Second Circuit finds Title VII protects against Sexual Orientation DiscriminationMarch 6, 2018
Last week, the Second Circuit held that Title VII, which protects against discrimination in the workplace on the basis of sex, includes discrimination on the basis of sexual orientation. Notably, the Second Circuit is only the second court in the country to do so.
While Title VII forbids discrimination in the workplace based on “race, color, sex, religion, and national origin,” the statute does not expressly prohibit discrimination on the basis of sexual orientation. While some states, such as New York, have laws in place that protect employees from discrimination on the basis of sexual orientation, no federal law explicitly forbids discrimination on the basis of sexual orientation in the workplace.
Recently, however, the Seventh Circuit found that discrimination based on sexual orientation was in fact “a form of sex discrimination.” Conversely, in March 2017, the Eleventh Circuit held that Title VII did not protect against sexual orientation discrimination. Thus the Second Circuit is the third federal appeals court to weigh in on this matter, setting the stage for the U.S. Supreme Court to resolve the split in the Circuits.
By way of background, in 2010, Long Island skydiving instructor, Donald Zarda, brought a Title VII claim alleging discrimination based on his sexual orientation against his former employer, Altitude Express. The claim stemmed from his efforts to calm a female student who seemed uncomfortable being strapped to him during the dive. When Zarda informed a female student that he was “100 percent gay,” the student complained to the sky diving school about the comment and also alleged that Zarda inappropriately touched her. Consequently, Zarda’s employment was terminated. Mr. Zarda brought a lawsuit against his employer claiming that his termination violated Title VII. The District Court for the Eastern District of New York granted summary judgment to Altitude, holding that Zarda failed to show that he had been discriminated against “because of sex.” In 2014, Mr. Zarda died in a sky-diving accident, but his appeal continued.
In 2015, the Equal Employment Opportunity Commission (“EEOC”) issued a ruling in a separate case, finding for the first time that “sexual orientation is inherently a ‘sex-based consideration’” and should be protected by Title VII. That same year, the Supreme Court found same-sex marriage to be constitutional. In 2017, however, the Justice Department, under a new administration, filed a friend of the court brief in Mr. Zarda’s case, arguing that Title VII did not extend to sexual orientation, and the EEOC was “not speaking for the United States.”
The Second Circuit’s recent ruling rejected the Justice Department’s position. In a majority opinion joined in part by eight other judges, Chief Judge Robert A. Katzman wrote, “[s]ince 1964, the legal framework for evaluating Title VII claims has evolved substantially. . . and the law should be understood to include sexual orientation.” Katzman further wrote, “Title VII’s prohibition on sex discrimination applies to any practice in which sex is a motivating factor.” Accordingly, discriminating against someone based on their sexual orientation is sex discrimination “because sexual orientation is defined by one’s sex in relation to the sex of those to whom one is attracted, making it impossible for an employer to discriminate on the basis of sexual orientation without taking sex into account.” The court also found that sexual orientation discrimination is a form of sex stereotyping since it is “predicated on assumptions about how persons of a certain sex can or should be, which is an impermissible basis for adverse employment actions.” Discrimination based on sexual orientation inherently involves sex stereotyping because it is based on gendered norms regarding what genders someone “should” be attracted to.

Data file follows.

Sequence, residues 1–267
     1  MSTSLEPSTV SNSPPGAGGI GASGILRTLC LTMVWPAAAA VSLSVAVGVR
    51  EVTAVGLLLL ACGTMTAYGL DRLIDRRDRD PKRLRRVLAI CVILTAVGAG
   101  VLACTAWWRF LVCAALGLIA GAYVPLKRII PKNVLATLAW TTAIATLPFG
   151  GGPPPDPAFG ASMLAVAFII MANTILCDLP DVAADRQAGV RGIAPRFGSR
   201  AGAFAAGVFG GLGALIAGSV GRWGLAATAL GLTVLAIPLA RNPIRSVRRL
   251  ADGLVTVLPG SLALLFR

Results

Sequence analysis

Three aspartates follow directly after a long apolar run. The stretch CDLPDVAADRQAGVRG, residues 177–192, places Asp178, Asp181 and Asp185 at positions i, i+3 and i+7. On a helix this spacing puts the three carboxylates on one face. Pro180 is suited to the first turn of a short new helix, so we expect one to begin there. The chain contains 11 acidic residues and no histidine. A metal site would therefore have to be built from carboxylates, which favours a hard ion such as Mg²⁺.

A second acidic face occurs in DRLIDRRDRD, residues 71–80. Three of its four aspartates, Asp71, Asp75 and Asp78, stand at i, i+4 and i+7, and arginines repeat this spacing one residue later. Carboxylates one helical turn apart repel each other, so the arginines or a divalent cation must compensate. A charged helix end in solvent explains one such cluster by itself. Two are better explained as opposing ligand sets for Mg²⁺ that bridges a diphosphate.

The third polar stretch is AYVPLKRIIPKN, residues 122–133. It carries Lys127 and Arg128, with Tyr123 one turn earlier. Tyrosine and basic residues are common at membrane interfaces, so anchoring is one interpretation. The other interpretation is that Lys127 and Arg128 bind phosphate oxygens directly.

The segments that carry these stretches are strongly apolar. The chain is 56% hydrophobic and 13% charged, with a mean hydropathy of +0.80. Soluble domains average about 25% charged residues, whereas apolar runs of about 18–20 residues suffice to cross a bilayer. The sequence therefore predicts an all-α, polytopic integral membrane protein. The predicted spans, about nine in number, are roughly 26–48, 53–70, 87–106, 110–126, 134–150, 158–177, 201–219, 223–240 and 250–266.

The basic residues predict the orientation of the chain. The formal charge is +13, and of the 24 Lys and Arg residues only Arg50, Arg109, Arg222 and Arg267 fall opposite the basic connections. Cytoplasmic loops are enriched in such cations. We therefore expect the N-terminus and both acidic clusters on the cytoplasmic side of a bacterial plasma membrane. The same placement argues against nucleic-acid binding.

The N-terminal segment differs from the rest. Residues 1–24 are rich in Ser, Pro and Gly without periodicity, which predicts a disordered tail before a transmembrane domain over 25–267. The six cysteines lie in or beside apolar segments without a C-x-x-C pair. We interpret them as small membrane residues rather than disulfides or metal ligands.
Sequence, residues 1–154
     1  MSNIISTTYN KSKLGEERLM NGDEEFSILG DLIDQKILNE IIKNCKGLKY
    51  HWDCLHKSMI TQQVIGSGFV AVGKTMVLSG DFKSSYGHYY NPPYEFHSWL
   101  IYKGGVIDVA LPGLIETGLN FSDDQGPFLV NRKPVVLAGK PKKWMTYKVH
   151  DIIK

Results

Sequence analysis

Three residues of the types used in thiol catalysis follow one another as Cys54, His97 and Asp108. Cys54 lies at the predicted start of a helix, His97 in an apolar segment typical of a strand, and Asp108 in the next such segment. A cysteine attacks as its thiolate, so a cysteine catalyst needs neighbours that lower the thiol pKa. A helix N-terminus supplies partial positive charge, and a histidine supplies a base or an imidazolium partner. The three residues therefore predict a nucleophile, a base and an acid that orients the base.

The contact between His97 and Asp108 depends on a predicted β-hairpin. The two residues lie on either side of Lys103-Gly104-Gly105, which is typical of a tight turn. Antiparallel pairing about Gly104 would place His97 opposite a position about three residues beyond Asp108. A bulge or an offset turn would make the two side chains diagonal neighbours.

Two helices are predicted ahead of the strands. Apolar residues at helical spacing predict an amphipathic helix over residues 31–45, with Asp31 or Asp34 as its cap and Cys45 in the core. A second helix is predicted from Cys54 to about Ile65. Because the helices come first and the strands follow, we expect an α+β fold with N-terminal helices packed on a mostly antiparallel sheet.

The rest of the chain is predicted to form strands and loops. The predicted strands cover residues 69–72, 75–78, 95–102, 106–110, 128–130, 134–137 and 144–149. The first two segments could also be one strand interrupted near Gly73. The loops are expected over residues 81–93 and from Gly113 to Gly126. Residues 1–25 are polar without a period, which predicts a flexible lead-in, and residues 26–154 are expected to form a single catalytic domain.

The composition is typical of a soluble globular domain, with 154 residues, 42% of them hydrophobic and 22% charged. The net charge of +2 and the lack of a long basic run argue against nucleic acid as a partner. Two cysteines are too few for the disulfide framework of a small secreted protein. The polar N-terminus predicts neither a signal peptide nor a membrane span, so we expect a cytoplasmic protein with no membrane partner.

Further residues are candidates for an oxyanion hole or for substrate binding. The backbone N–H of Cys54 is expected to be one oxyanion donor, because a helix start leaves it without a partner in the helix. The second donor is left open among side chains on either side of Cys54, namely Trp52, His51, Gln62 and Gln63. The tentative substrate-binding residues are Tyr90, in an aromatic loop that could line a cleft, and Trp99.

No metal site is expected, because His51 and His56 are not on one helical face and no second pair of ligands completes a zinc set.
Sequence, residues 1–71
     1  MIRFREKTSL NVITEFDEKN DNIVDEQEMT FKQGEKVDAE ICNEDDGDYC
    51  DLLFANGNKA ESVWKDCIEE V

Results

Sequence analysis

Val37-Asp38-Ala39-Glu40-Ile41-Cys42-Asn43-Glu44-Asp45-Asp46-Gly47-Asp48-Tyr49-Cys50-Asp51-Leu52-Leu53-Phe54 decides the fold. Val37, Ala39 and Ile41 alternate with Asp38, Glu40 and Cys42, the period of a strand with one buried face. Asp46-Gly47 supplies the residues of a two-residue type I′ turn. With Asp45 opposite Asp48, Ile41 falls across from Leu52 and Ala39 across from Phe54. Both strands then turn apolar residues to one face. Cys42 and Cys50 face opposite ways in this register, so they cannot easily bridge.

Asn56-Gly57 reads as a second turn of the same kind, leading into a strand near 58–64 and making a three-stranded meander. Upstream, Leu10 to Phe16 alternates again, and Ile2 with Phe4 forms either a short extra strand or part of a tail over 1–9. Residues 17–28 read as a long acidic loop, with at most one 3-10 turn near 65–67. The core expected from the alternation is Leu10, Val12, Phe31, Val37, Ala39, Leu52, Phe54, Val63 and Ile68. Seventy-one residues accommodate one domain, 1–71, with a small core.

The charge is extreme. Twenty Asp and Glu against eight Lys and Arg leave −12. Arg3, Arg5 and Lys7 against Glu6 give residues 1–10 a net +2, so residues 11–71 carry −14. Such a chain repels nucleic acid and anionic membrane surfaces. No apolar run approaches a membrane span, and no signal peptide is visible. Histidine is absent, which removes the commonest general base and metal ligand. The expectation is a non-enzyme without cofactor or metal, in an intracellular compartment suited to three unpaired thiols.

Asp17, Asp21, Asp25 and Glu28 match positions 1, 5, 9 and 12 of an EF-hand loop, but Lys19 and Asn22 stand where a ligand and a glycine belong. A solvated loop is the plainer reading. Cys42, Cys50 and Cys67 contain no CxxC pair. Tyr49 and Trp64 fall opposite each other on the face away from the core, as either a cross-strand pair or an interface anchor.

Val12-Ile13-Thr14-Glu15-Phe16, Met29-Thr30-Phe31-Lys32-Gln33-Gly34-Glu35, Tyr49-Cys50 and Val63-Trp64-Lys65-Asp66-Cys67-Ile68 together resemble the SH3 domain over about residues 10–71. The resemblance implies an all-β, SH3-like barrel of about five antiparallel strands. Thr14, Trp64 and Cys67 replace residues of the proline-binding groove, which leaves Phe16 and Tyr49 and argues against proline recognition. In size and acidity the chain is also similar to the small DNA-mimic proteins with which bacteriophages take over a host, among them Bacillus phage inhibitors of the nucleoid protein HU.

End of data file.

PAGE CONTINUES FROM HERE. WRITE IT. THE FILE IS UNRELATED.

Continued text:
In a dissenting opinion, in which he held that a plain reading of Title VII indicates that it does not offer, and Congress did not intend that it offer, the protections found by the majority, Judge Gerard E. Lynch said that he came to his decision “regretfully,” however, “we need to respect the choices made by Congress about which social problems to address, and how to address them.” He further noted, “I hope that one day soon Congress will join them and adopt that principle on a national basis.”
In December 2017, the Supreme Court denied a request to hear an appeal filed by the plaintiff in the Eleventh Circuit case. However, since the circuit courts are now clearly split on this issue, this may be enough to prompt Supreme Court review. At this time, employers are reminded to review their policies and procedures to ensure compliance with their circuit’s governing standard. In New York, employees now have federal, state and city level protections against sexual orientation discrimination. We encourage employers to provide regular training to employees on how to properly recognize, prevent, and respond to claims of sexual orientation discrimination.
Thank you to Victoria Jaus, a law clerk at Cullen and Dykman, for her assistance with this blog post.